The bait shrimp fishery of Galveston Bay, Texas.
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From June 1957 through May 1959 the bait shrimp fishery in Galveston Bay, Texas, was studied to determine the species composition and the magnitude of the catch. Total production for the 2-year period amounted to over 676,000 pounds, having a retail value of almost $779,000. The fishery is chiefly in summer and fall: over 90 percent of the production occurred from May through October. Brown shrimp (Penaeus aztecus) and white shrimp (Penaeus setiferus) were the major species taken. Occurring sporadically were pink shrimp (Penaeus duorarum), seabobs (Ziphopeneus kroyeri), and Trachypeneus sp. The median weight of brown shrimp in samples obtained from the fishery was almost static at 2.0 to 4.0 grams and did not exceed 5.0 grams. The median weight of white shrimp fluctuated and ranged up to 15.5 grams. Young white shrimp apparently enter the bay later in the year than brown shrimp, stay longer, and grow to a larger size before leaving for offshore waters. Length-weight relationships for brown and white shrimp were determined.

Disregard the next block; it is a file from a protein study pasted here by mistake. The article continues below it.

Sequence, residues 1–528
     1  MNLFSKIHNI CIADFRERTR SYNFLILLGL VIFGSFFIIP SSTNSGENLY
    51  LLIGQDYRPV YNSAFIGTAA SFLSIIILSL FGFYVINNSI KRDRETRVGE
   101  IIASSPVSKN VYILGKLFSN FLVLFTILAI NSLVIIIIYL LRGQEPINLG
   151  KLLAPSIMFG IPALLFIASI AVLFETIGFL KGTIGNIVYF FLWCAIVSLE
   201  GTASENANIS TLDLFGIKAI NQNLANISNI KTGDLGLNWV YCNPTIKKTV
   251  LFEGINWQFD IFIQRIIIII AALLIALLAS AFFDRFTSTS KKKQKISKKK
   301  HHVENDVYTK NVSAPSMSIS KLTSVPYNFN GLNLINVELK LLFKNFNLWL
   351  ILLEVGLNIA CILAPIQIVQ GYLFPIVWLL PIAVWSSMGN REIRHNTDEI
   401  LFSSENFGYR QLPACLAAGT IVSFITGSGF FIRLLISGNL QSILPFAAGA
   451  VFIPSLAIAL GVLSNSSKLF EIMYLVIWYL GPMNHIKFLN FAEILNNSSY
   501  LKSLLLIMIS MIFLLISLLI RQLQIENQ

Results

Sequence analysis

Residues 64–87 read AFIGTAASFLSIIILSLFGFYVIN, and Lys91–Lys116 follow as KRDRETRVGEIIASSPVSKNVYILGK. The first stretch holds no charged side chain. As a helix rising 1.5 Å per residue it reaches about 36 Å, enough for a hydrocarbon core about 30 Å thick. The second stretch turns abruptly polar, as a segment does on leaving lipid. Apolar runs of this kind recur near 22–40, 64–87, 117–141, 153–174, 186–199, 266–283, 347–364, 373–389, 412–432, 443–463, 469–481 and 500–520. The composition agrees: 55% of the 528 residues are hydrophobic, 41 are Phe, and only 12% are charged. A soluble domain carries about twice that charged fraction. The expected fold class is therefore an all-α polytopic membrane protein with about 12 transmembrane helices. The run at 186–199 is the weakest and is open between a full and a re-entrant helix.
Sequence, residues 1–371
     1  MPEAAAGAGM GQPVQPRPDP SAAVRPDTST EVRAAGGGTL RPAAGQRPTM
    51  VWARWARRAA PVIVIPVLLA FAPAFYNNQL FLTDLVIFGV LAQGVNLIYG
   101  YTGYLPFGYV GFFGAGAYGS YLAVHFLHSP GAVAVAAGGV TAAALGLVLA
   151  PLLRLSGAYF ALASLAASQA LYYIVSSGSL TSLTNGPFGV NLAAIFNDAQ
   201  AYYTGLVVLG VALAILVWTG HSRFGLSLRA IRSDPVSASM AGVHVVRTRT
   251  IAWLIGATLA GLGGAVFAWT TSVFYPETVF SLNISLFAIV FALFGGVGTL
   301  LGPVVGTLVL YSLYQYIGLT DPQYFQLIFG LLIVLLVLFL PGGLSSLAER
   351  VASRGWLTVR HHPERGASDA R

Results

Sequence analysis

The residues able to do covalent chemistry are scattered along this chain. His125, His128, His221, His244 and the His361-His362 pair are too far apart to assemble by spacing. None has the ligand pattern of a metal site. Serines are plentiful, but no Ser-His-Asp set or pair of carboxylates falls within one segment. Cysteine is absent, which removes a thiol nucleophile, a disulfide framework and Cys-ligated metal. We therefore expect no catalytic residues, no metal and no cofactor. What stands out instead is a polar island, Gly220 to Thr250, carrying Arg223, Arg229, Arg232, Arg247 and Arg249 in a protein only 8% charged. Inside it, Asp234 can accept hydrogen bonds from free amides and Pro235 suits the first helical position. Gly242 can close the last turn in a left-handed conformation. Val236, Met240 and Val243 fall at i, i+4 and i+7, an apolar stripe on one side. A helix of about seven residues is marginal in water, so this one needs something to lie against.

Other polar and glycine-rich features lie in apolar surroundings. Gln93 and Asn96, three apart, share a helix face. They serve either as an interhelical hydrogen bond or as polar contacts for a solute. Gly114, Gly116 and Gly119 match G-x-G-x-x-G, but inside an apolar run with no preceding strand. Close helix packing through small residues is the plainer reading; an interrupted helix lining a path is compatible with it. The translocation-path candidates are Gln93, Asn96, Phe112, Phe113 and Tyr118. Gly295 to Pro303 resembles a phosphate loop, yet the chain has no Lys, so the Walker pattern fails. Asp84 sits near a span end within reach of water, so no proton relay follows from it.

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Matthews, J.; Zein-Eldin, Z. (, 1990)No abstract available
Study of the Bay and Gulf Populations of Shrimp: Penaeus aztecus, Penaeus setiferus, and Penaeus duorarum Pullen, Edward J. (Texas Game and Fish Commission, 1963)During the 1962 study 894 shrimp samples were collected on the Texas coast from Galveston to the Lower Laguna Madre. These samples produced 42,745 brown shrimp and 18,072 white shrimp. Postlarval samples, collected with ...
(, 1979)No abstract available